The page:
The Home Office is as out of touch as ever…

This week the Psychoactive Substances Act became law. Over at Politics.co.uk, editor Ian Dunt wrote a scathing review of the official Home Office guidance to retailers.

As he says, the guidance seems to be a melting pot of every prejudice you could imagine against young people:

The Home Office clearly envisions a youthful sub-class of drug fiends, unable to stay off the stuff even immediately ahead of purchasing it. Laughing gas has a mild effect which lasts for about a minute, so it’s unlikely the user would be intoxicated on it literally while purchasing more. Perhaps the Home Office doesn’t know this. Or perhaps they assume they are eating all sorts of drugs and are still high off them while going for a laughing gas chaser to finish off the evening. Or maybe they wrote this guidance in the same spirit in which they wrote the law: without due consideration for logic, legal validity or objective reality.

The drug fiend stereotypes go on and on. “Do they have physical symptoms of intoxication such as bad skin, weeping eyes, rash around the nose?” God help you if you’ve got spots or hay fever: the Home Office knows you’re a wrong ‘un.

This reminded me of how, under the previous Labour administration, carrying two mobile phones or ordering a vegetarian meal on a plane would be enough to raise suspicions of you being a terrorist. Helen Duffett wrote about that at the time.:

So far-fetched have been recent grounds for arrest, or for flagging yourself up as a terrorist suspect, that people keep asking me if Lib Dem Voice is running a series of hoax posts. (We’ve had lingering near street ironworks, ordering vegetarian airline meals, handing in lost property, scaring ducks, putting your bin out on the wrong day, looking at things and – easily the most heinous, in my opinion – going equipped with balloons.)

I thought I was joking (albeit darkly) when I said on LibDig that people might one day be singled out for their taste in music, but even that now appears to have happened. Home Office Watch features the terrifying ordeal of a jazz musician arrested by anti-terror police who had taken his soundproofed studio, replete with wires, as a sign of bomb-making.

I took it a bit further on my own blog, looking at all the ways I filled the supposed criteria for being a terrorist, pointing out that what really wasn’t funny was that you could find yourself locked up for 6 weeks without even knowing why.

We have a camera – terrorists like to take pictures of things, you know. I personally don’t take photos of sewer covers but that’s just weird, not a sign of malevolence of purpose:-)

We have a laptop, a desktop and are considering purchasing another laptop. Could our accumulation of technology be used for purposes more sinister than storing music, blogging, Twitter, e-mailing and Club Penguin?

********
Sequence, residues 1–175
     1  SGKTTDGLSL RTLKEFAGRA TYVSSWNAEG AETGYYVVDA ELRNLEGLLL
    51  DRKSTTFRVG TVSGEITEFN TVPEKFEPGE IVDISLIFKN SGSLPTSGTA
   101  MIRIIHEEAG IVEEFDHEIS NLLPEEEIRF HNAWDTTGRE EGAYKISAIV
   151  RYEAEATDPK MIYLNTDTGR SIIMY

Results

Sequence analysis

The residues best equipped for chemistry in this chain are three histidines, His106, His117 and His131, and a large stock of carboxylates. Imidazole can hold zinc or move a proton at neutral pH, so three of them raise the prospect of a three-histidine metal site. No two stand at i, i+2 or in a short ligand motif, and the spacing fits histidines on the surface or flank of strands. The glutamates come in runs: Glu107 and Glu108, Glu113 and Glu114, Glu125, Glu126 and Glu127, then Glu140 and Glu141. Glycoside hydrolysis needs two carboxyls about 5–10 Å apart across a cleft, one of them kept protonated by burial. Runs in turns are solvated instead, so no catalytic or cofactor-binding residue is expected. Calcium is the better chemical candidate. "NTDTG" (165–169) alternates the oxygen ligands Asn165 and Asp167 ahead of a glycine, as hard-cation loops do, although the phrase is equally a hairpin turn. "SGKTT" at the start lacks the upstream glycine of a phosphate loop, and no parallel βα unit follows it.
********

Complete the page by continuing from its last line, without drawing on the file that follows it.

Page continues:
We have a car and I travel occasionally. The Government suggests that someone may be a terrorist if they “travel but is vague about where they are going.” I’m worried now. Is it sufficient to say I’m going to see family up north? What about saying I’m going to work? Or “to the shops?”? Should I always tell my friends and family the exact address I’m going to? Maybe we should always make sure the Police know where we’re going, and why, just to be on the safe side? That could be an idea for another protest along the lines of the CC all your e-mails to Jacqui Smith day – tell her what you are doing on a particular day, right down to the last detail:-)

So, years later, the Home Office still hasn’t got any more realistic or in touch – and Parliament is still passing very poor legislation because they can.

* Caron Lindsay is Editor of Liberal Democrat Voice and blogs at Caron's Musings

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4 Comments

  • Simon Banks 29th May '16 - 9:24pm

    Is the human brain a psychoactive substance?

    Can I buy it in Body Shop?

  • Stevan Rose 30th May '16 - 1:16am

    That Home Office guidance made me laugh out loud. Do they not know there are “other” uses for canned whipped cream that might make one hesitate when challenged in a shop on what it will be used for. It had never occurred to me to snort it for a legal high. Must be very messy. I now have visions of kids living in squats squirting whipped cream up their noses. I presume there will be an army of enforcement agents touring supermarkets to test whether they are challenged on purchasing 2 cans of squirty cream but no strawberries.

  • @Stevan Rose
    “That Home Office guidance made me laugh out loud.. I now have visions of kids living in squats squirting whipped cream up their noses.”

    If you think the Home Office guidance is hilarious, you will enjoy this :-

    https://drugs-forum.com/forum/showthread.php?t=171432

    Lots of good advice from seasoned users on how to avoid inhaling the whipped cream and killing yourself! One kid even snorts the stuff all day while working at McDonalds. I confess, I never even knew this sub-sub-culture existed before the Home Office pointed it out.

  • Seriously, while it’s oh so funny to ridicule the Home Office’s efforts here, I think it’s important to point out why this isn’t always a laughing matter :-

    http://www.bbc.co.uk/news/uk-england-sussex-32494219

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